Carrying a tune Lawyers bring patriotic theme to naturalizatio
Saturday, November 24, 2001
SPRINGFIELD, Ill. -- Take a bunch of musical lawyers and what happens?
They find a way to sing state law.
That's what the Sangamon Bar Lawyers Chorus did this week when 80 immigrants became U.S. citizens at the Old State Capitol.
"We'll be singing to you a statute, or a law, but you know it as the Illinois state song," Judge Roger Holmes announced before conducting a rendition of "Illinois," which the Legislature added to the books in the 1920s.
Twice a year the crooners sing patriotic songs at Springfield's naturalization ceremony.
U.S. District Judge Richard Mills, who administers the citizenship oath, picked Holmes in 1987 to add flavor to the ceremony for the U.S. Constitution's bicentennial.
Holmes tried to explain that he was "just a drummer," not a singer, but he knew that lawyers don't say no to Judge Mills.
"We're also known as the Under-the-Threat-of-Contempt-of-Court Singers," Illinois State Bar Association lawyer Dennis Rendleman cracked.
Newcomers from 27 countries, ranging in size from China to Belize, took the oath and got a pep talk from Sen. Peter Fitzgerald, R-Ill. Then the musicians rose to fill the Hall of Representatives with strains of "God Bless America," "Illinois" and "America."
"We've sung these songs many times in school, but to hear them today you get a sense, a feeling that you're actually a part of it," said Tina Yi-ting Yang, 21, a Taiwanese emigre.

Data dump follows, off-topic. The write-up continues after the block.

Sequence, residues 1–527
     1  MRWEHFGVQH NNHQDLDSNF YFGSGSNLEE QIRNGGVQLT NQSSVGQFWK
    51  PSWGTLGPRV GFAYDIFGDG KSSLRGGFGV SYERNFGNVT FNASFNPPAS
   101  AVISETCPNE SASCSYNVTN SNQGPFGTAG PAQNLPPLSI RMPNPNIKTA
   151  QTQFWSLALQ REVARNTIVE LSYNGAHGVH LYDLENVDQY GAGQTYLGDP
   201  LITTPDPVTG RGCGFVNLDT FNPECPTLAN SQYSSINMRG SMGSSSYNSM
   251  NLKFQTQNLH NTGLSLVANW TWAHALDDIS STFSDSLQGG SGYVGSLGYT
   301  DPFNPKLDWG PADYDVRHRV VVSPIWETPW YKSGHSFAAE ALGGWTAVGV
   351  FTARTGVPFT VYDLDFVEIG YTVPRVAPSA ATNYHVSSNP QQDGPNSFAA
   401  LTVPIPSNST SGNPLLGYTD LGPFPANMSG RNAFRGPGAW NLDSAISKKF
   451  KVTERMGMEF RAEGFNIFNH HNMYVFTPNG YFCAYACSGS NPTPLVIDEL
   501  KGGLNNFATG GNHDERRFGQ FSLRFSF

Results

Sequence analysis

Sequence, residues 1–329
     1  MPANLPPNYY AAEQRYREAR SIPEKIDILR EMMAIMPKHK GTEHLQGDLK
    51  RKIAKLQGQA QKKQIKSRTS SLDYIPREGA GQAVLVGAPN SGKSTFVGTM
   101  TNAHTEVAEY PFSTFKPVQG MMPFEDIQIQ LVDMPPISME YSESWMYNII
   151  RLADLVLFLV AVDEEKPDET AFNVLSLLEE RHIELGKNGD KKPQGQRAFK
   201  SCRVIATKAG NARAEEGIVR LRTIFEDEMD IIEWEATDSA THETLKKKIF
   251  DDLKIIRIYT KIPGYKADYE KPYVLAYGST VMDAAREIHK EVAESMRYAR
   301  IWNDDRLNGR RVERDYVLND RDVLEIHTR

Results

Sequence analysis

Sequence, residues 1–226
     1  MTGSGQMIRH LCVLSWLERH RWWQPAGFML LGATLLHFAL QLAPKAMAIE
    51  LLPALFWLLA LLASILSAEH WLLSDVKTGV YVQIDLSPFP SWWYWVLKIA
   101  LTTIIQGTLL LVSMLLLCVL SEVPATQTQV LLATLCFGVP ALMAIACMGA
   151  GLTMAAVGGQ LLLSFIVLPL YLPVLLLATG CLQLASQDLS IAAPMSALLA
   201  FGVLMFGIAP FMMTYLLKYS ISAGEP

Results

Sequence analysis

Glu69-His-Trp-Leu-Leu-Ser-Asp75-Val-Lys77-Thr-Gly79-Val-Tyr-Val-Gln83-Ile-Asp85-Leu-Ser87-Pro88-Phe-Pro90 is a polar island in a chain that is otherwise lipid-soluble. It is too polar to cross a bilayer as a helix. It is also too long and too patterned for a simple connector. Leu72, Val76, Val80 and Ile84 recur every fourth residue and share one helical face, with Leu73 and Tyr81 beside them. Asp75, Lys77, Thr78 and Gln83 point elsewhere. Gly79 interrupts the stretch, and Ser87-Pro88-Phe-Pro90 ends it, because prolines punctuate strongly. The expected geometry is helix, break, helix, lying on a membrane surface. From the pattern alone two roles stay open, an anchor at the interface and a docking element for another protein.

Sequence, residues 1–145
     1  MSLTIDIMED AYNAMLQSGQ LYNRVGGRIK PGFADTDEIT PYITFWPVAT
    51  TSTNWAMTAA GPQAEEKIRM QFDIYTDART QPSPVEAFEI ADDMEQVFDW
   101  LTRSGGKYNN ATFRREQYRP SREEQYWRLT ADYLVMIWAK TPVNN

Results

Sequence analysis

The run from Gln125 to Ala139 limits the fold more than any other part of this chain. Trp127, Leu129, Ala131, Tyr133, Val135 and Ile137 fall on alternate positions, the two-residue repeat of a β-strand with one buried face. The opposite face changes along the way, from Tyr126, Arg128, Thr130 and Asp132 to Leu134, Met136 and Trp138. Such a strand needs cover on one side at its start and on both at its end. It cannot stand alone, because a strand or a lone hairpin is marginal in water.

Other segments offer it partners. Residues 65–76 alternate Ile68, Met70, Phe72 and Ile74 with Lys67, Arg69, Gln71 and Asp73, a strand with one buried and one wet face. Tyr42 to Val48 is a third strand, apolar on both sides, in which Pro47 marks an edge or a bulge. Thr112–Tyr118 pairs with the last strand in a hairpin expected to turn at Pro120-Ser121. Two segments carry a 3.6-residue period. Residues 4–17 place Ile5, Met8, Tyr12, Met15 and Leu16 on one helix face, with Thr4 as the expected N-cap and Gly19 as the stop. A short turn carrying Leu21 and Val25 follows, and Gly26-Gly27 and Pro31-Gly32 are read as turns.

That was what Mills, a college thespian, wedding soloist and church choir member, was aiming for: "To hear 'God Bless America' on a day like this brings tears to your eyes."
With the nation at war, the ceremony was especially poignant. Holmes said "God Bless America" "means a lot more to us this time."
Capping the festivity, the chorus introduced "The Star-Spangled Banner" with its little-known third verse to memorialize the moment: "Then conquer we must, for our cause it is just. And this be our motto: 'In God is our trust.'"
The singers also perform at the periodic memorial service for recently deceased lawyers and this year sang at several worship services during the Fourth of July holiday. Nearly every facet of the Springfield judiciary is represented: judges, private practice, the state attorney general, state bar association, a federal court clerk.
Assistant State's Attorney Mark Silberman and Public Defender Brian Otwell are both basses -- and they go head to head in a trial starting Monday.
"We're singing the same part today, but wait until Monday," Silberman joked, cracking his knuckles.
Some lawyers, such as private lawyer Mark Cullen, joined in a spirit of service. "I said, 'I'm not a singer but I'll give it a try,'" he said.
The lawyers say they also appreciate sharing with immigrants the joyous culmination of years of hard work.
"To those of us who were born here, citizenship seems relatively easy," said Shawn Denney, senior counsel to the attorney general. "But we've not gone through the struggles they have."